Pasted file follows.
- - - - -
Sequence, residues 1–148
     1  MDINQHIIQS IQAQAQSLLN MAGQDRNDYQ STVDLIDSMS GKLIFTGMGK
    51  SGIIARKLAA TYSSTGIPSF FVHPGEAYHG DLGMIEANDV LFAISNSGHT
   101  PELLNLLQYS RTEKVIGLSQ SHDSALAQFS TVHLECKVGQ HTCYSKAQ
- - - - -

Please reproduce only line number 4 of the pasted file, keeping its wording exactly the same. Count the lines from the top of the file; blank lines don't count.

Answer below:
   101  PELLNLLQYS RTEKVIGLSQ SHDSALAQFS TVHLECKVGQ HTCYSKAQ